I have found a great deal of discussion has been merited on just one set of characters with just five books. The Discworld spans over 30 books at present and he is turning out a new one with new characters every year. It is due to these reasons, coupled with his general appeal that I felt Terry Pratchett was worthy of further study.


Primary Texts

Pratchett. T, (1990), Guards, Guards, Transworld Publishers, London

Pratchett. T, (1993), Men at Arms, Transworld Publishers, London

Pratchett. T, (1996), Feet of Clay, Transworld Publishers, London

Pratchett. T, (1997), Jingo, Transworld Publishers, London

Pratchett. T, (1999), Fifth Elephant, Transworld Publishers, London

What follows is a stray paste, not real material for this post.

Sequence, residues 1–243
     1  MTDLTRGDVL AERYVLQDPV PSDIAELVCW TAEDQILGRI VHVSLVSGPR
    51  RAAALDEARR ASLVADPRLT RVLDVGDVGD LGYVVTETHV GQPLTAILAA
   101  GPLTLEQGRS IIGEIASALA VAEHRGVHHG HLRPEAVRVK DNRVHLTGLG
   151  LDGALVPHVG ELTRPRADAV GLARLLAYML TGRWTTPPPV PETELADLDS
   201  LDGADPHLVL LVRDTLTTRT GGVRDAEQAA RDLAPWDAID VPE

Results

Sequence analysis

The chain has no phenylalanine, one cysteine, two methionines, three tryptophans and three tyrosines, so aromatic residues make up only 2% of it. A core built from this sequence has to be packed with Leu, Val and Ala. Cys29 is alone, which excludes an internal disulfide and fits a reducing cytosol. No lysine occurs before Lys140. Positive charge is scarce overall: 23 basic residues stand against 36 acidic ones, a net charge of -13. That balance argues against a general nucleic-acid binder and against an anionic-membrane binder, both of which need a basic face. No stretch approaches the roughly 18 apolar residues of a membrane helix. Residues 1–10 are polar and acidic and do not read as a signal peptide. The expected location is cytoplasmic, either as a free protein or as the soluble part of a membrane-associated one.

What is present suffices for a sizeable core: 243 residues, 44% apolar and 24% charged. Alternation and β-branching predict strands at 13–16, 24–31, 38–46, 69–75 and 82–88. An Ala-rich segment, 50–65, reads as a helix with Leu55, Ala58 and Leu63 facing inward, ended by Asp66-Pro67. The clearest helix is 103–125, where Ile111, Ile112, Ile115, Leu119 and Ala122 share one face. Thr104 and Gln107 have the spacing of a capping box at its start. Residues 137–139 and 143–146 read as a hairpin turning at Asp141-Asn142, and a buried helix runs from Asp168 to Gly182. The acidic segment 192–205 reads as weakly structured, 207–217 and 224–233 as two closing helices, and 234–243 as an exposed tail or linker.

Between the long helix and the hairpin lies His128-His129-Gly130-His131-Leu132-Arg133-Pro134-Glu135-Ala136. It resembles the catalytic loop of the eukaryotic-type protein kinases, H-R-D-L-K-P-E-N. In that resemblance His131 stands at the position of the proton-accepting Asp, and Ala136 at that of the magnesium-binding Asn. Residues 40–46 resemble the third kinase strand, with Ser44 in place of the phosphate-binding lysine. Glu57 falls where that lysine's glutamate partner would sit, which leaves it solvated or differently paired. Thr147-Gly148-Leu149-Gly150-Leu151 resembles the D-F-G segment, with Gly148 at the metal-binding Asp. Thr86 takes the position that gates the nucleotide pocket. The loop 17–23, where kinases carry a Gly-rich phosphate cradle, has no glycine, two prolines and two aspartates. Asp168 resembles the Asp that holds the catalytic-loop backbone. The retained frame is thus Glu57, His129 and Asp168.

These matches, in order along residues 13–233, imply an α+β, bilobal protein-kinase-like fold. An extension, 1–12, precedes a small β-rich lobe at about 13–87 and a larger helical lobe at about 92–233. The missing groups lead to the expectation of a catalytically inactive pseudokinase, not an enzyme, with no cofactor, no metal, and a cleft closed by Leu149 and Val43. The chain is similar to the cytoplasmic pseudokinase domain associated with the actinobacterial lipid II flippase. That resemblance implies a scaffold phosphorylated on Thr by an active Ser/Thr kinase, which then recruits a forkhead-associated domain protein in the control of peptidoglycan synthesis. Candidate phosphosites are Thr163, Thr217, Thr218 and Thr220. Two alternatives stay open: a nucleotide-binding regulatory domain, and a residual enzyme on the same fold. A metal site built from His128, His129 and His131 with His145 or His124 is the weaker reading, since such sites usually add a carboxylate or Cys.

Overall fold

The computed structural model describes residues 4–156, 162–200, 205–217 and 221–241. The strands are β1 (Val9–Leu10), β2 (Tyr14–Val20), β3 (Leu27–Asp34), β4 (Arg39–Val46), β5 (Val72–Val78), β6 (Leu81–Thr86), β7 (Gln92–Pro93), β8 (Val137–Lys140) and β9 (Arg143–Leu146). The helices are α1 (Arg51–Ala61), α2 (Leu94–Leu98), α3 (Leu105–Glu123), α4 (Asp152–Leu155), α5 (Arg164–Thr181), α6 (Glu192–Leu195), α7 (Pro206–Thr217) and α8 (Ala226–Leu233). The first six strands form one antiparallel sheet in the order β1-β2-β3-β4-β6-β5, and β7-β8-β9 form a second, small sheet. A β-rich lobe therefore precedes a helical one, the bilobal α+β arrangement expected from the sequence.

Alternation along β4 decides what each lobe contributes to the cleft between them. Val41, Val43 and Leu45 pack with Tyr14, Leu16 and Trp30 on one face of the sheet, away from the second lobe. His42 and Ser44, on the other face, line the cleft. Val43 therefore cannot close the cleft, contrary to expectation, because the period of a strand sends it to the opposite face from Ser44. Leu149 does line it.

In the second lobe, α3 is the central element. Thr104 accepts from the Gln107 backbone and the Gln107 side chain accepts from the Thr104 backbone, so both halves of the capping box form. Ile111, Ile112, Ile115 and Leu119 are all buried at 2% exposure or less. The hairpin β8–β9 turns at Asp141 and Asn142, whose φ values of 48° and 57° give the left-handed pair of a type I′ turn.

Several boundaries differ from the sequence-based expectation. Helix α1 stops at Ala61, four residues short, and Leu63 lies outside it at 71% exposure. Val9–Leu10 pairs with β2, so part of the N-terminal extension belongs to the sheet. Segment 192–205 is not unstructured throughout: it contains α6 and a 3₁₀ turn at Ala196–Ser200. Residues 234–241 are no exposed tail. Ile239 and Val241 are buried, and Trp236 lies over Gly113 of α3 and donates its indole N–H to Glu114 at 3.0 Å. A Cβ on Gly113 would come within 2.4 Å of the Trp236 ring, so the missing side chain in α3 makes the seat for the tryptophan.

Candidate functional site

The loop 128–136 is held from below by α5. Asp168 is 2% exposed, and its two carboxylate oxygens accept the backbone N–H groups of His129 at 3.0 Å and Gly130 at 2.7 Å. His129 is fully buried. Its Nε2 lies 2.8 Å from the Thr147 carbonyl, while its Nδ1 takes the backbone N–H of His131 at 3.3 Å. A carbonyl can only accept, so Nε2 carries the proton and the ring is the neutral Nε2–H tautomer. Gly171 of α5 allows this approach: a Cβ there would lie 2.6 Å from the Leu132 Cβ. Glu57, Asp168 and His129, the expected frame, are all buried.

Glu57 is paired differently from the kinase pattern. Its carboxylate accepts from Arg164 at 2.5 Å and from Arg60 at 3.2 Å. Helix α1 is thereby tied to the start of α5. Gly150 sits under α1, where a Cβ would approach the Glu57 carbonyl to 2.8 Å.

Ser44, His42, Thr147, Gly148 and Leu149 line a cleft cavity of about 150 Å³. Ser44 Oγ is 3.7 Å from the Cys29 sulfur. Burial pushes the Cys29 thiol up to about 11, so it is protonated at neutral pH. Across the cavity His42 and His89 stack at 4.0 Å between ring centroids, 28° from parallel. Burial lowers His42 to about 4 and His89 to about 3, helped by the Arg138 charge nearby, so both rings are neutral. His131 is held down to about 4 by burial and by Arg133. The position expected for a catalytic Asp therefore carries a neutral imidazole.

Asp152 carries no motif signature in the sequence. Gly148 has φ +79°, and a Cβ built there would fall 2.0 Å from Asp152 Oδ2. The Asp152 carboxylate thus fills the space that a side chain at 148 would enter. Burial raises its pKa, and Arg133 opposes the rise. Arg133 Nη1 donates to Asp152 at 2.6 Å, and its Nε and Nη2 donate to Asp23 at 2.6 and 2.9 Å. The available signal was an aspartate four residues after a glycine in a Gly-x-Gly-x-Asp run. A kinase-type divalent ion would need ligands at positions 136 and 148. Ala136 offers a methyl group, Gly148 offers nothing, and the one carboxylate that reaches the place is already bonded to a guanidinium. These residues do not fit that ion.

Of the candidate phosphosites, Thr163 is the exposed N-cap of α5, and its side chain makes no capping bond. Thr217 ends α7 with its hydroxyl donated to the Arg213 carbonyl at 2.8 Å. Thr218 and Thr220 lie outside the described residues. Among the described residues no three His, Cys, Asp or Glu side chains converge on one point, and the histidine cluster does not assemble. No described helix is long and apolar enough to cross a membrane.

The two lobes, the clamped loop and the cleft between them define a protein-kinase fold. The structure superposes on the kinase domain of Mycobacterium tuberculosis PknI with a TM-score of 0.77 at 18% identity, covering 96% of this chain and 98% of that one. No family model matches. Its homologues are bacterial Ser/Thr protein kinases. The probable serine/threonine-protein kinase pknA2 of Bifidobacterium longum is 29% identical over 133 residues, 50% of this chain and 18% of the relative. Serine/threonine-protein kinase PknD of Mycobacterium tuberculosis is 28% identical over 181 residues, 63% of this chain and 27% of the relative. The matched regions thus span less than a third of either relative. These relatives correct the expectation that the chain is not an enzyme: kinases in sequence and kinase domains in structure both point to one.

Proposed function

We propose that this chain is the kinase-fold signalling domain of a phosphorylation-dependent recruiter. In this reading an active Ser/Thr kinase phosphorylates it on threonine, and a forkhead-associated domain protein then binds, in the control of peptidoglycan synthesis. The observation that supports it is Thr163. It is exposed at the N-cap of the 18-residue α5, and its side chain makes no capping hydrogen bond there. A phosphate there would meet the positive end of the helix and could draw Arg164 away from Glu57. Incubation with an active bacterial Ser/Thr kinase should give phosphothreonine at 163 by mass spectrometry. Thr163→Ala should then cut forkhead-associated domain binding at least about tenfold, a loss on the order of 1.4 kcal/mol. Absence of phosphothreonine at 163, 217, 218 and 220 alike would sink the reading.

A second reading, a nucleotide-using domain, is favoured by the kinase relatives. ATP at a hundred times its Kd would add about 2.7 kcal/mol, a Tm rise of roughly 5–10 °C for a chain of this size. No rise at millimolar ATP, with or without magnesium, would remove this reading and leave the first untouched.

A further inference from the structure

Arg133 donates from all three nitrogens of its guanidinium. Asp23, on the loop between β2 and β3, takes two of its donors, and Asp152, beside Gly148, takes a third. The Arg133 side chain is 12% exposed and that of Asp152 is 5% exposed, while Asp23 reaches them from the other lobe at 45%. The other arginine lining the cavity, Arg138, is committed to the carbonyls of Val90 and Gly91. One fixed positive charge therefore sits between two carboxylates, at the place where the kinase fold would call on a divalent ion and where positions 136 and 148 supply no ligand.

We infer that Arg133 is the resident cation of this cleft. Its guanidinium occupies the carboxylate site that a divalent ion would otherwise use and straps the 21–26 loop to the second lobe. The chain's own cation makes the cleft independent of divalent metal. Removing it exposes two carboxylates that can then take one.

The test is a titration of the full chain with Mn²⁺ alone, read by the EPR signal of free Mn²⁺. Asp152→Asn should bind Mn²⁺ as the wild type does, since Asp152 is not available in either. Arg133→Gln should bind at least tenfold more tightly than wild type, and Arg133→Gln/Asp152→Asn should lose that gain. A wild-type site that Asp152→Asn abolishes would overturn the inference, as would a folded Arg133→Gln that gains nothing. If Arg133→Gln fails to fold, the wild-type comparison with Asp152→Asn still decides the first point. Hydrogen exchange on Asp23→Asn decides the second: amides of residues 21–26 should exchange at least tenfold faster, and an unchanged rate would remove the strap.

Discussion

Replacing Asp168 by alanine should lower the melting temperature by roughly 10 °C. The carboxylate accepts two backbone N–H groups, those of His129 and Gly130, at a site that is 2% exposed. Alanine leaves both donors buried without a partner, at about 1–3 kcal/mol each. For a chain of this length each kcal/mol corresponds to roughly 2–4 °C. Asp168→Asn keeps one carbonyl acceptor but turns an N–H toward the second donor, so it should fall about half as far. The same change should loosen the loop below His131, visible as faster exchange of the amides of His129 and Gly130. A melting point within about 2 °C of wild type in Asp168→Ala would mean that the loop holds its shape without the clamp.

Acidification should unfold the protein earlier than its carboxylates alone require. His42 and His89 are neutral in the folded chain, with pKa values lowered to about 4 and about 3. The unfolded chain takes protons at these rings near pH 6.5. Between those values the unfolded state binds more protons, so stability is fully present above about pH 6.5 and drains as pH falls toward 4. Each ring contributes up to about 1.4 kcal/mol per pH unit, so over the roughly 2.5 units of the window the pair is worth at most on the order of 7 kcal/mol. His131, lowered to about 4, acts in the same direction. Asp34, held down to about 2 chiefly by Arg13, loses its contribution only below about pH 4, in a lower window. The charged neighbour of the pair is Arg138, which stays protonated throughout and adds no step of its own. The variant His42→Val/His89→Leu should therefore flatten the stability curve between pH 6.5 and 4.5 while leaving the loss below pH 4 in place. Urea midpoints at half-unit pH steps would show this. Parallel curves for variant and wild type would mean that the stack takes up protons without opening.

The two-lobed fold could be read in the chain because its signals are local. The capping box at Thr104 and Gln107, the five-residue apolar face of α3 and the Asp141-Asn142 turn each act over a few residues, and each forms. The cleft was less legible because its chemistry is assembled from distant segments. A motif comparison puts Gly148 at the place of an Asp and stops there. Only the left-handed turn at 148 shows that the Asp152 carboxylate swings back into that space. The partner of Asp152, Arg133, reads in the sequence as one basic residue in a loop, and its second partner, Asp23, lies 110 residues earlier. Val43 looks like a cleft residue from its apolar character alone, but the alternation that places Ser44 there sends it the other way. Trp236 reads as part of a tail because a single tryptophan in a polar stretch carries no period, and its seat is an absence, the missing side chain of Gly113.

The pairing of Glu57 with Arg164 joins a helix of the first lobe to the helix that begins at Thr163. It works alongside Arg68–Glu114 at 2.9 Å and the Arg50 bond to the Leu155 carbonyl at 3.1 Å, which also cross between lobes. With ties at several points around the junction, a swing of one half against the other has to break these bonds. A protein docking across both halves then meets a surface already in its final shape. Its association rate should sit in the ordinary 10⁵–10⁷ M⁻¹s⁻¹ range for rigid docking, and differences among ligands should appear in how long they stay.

Secondary Texts

Apter. T, (1982) Fantasy Literature, The Macmillan Press LTD, London

Bell. I, (1991) Literature and Crime in Augustan England, Routledge, London

Binyon. T, (1989) The Detective in Fiction, Oxford University Press, Oxford

Dove. G, (1997) The Reader and the Detective Story, Bowling Green State University Popular Press, Bowling Green

Hume. K, (1984) Fantasy and Mimesis, Methuen, London

Kelly. T, (1997) Reinventing Allegory, University Press, Cambridge

Manlove. C, (1975) Modern Fantasy, University Press, Cambridge

Mulhern. F, (2000) Culture/Metaculture, Routledge, London

Jackson. R, (1981) Fantasy: The Literature of Subversion, Methuen, London

Rabkin. E, (1976) The Fantastic in Literature, Princeton University Press, Surrey

McCracken. S, (1998) 'Pulp, Reading Popular Fiction' Manchester University Press, Manchester

Schlodin. R (1982) The Aesthetics of Fantasy Literature and Art, John Spiers, Sussex

Swiften. A, (1984) In Defence of Fantasy, Routledge, London

Tzugtan. T, (1990) The Fantastic - A Structualist Approach to a Literary Genre, Cornell Paperbacks, London